Female directors need to be 'shameless'
So, what do you do if you're a female filmmaker and there are so many barriers to fight against, you start "wondering if it's a pointless exercise"?
Make a film about it, of course.
Amy Adrion is showcasing her documentary Half the Picture at Sundance Festival London, which examines why there are so few female directors at the top of Hollywood.
The film features interviews with numerous women filmmakers including Lena Dunham (Girls), Ava DuVernay (Selma, A Wrinkle in Time) and Sam Taylor-Johnson (50 Shades of Grey), who reveal frankly shocking anecdotes about the prejudice they have encountered.
Sniggering in-jokes from all-male crews. Patronising over-the-shoulder suggestions about how to do their job. Sexual harassment. Demands to put naked breasts in several scenes if you want the job. You name it.
The film delves into the many reasons - or "prongs", as Adrion calls them - behind the fact that only five women have been nominated for best director at the Oscars. Ever.
"There's some deep-seated issues of discomfort with women in leadership roles, period. That exists in corporate America, politics certainly, and in film," says Adrion.
When Kathryn Bigelow became the first woman to win an Academy Award for best director for the Hurt Locker in 2010, there was a feeling that after years of stagnation, more women would break through.
"One of the researchers looked into something called the Bigelow effect when people felt, 'women are going to get hired' and there was no Bigelow effect, it just did not happen," Adrion says.
In fact, the film says the numbers have been "stable" since 1998. Stats flash up on the screen - 50% of directing students are women but only 25% of films featured at Sundance are from women.
Patriarchy, the "who you know not what you know" culture in Hollywood, fewer female film critics and even childcare issues are all part of the problem, according to Half the Picture.
But Adrion says there's nothing complicated in the answer to a decades-long problem.
"Fundamentally, the answer is so simple - they just need to hire more women. The numbers could change next year if that commitment was made. Film is a little bit harder but in TV, you could say you want half of these episodes directed by women. There are a lot of men who are working who are very happy to be working and a lot of executives who… don't want to be told to change."
She also suggests that high-profile actors using inclusion riders would make a big difference.
A powerful message from the film is how determined the women featured have to be to follow their dream. Yes, men have to be too, to make it in Hollywood. But nowhere near as much.
And some female directors found pushing themselves out there easier than others.
Twilight director Catherine Hardwicke says she questioned herself: "I thought it's me, I'm not good enough, I'm not working hard enough."
Whereas Lena Dunham says she was "delusionally self-confident" as a form of "self-preservation" when she faced rejection.
DuVernay uses the term "armour", Sam Taylor-Johnson says you have to "toughen up" to make it.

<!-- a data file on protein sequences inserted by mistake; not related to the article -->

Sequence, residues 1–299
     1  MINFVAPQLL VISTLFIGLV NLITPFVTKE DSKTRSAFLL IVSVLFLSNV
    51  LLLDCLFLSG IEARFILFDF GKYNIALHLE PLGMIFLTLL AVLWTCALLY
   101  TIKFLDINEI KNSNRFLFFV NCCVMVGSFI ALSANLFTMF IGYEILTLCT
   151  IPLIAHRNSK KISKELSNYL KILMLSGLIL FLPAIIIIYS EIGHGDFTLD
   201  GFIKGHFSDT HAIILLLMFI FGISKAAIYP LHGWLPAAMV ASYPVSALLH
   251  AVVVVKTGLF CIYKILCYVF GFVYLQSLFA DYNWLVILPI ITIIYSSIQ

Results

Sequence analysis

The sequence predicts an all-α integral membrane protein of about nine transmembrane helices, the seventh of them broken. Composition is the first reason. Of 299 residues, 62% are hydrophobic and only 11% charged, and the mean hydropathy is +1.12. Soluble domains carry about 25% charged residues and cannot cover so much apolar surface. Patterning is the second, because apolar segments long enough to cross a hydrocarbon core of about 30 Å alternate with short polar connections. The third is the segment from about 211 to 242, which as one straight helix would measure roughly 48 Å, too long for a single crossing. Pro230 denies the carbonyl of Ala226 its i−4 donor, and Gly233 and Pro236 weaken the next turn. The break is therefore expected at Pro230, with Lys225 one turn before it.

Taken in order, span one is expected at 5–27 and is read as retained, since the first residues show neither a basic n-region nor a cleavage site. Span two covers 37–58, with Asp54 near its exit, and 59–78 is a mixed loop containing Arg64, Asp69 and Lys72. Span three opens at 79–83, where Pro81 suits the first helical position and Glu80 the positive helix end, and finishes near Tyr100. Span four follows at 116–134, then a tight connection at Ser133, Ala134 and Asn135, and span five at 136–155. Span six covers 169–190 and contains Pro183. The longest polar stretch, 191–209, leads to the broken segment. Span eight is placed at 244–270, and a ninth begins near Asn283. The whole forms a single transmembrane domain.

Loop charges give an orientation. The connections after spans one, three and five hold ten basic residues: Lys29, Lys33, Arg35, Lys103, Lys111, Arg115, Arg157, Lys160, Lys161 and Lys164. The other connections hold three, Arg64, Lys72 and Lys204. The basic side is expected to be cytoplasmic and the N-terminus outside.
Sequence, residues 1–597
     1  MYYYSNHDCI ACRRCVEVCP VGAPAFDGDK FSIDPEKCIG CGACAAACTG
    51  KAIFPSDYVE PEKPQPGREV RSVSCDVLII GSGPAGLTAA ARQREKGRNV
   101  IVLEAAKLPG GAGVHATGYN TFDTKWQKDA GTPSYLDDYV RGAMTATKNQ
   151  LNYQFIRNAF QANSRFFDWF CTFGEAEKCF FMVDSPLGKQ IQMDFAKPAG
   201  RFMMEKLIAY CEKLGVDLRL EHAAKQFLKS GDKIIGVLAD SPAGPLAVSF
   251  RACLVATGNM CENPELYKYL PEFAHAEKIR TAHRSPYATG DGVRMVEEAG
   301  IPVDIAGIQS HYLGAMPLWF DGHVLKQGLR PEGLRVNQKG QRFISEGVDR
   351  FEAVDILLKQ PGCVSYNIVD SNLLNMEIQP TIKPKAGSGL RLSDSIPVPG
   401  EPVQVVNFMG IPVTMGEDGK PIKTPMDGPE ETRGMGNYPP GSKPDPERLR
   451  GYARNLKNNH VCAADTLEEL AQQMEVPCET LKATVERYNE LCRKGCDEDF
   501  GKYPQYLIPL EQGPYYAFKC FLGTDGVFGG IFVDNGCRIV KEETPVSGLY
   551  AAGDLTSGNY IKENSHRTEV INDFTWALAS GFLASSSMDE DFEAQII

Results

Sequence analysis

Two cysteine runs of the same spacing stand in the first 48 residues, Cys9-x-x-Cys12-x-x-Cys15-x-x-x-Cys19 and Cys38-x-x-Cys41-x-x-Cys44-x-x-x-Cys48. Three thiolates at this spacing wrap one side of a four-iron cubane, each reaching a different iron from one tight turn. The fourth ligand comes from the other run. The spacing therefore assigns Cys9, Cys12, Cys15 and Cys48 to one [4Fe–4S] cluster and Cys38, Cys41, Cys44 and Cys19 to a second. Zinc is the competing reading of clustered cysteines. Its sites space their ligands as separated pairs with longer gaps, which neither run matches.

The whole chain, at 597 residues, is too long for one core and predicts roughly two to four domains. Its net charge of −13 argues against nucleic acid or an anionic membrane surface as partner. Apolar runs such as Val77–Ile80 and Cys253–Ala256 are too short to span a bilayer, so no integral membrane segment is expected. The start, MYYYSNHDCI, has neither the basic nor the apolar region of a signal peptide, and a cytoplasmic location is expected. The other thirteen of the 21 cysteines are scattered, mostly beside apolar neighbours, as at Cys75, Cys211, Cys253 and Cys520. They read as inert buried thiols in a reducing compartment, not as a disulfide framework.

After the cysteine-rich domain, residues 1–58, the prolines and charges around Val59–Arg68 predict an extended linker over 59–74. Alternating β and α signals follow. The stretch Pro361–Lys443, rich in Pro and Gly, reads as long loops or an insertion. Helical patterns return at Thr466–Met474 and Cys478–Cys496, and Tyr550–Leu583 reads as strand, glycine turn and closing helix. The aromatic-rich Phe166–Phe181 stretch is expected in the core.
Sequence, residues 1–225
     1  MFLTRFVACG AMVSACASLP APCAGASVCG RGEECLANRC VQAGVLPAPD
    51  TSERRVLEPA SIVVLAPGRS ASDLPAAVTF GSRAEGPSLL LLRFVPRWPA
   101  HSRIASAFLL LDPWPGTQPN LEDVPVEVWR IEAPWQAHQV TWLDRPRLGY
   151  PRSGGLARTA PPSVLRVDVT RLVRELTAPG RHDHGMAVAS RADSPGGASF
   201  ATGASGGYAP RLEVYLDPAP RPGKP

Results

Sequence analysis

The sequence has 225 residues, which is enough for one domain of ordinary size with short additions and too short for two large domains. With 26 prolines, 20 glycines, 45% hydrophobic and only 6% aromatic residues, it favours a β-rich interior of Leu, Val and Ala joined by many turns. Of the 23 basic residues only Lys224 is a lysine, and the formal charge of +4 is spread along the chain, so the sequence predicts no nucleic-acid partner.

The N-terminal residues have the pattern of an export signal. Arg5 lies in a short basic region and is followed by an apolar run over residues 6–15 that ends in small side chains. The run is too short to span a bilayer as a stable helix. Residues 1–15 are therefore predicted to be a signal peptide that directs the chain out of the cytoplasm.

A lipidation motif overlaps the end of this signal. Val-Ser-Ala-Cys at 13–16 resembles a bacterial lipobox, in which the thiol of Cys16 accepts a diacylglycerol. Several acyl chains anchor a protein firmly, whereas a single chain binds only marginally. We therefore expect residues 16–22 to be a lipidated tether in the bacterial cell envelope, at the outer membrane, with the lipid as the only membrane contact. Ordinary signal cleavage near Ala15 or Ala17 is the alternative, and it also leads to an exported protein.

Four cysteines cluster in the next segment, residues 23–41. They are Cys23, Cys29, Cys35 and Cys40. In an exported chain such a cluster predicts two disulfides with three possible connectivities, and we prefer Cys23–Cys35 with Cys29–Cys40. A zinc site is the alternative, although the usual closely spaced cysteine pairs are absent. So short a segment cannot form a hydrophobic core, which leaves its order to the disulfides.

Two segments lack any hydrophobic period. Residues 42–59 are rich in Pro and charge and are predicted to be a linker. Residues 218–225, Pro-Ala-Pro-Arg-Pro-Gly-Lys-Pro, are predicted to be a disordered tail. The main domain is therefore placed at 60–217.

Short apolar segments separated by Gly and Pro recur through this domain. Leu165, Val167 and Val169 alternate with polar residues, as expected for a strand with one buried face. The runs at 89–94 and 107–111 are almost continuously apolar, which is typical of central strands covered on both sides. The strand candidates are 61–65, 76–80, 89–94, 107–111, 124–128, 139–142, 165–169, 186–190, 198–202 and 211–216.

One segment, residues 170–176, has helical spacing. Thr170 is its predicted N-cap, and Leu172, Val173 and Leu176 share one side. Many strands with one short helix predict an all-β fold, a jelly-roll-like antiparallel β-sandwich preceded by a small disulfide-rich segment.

Adrion says: "I love the fact that Jilly Soloway (creator of Amazon's Transparent) says 'even if you don't feel it, you just have to pretend you're shameless… you need to push, push, push.'
"Some women are reluctant, they think: 'Who am I put myself out front?'
"It's a political act to do it because you're taking up the space you deserve in the world and other women see you do that and gain confidence from that."
Adrion refers to director Lynn Shelton, "who's made five incredible independent films and been at Sundance and says that guys she did the festival circuit with, time and time again, she's seen their careers explode.
"Colin Trevorrow is the poster boy for that, he went from Safety Not Guaranteed to Jurassic World. He's namechecked a lot but she said it's not just one or two guys, it's dozens that get plucked out of Sundance to make Fantastic 4 or Jurassic World or the next Spiderman and there's almost no women who have had that."
And even if you do hit the jackpot with your first big blockbuster, the offers don't exactly come flooding in.
Both Hardwicke and DuVernay say they thought more opportunities would come their way following Twilight and Selma.
And Wayne's World director Penelope Spheeris jokes: "I think I'd have directed Wayne's World II had I been a dude… but that's cool, it flopped!"
Adrion says we all have to be aware of the culture, not just men: "It's not like women have it all figured out.
"Once you're in a position of power, a position to hire, you're looking at a body of work that someone has done and you're comparing that.
"Often women haven't had access to the resources and opportunities that men haven't had."
Will the tide turn?
DuVernay is just one of many women in Hollywood who is putting her money where her mouth is - every episode of her show Queen of Sugar was directed by a woman.
Adrion says: "For women and people of colour, LGBTQ, we all need to look at our peers and our circle and think is it reflective of society? It's not a crime if it's not, but we need to work harder to find… and hire those people."
Does Adrion think that finally the tide might be turning?
"I think the conversation has changed. The Harvey Weinstein mess has been instructive, in that it's really shone a light on a very dark part of the industry that exists because of the extreme gender inequality in our business.
"If there was a female counterpart of Harvey Weinstein, he would have had much less power.
"I have to be optimistic. The numbers are the numbers, you need to be realistic but you put that in a box in the back of your mind and you keep making your work. What am I going to do? Just give up? I'm going to keep working and that's part of the change."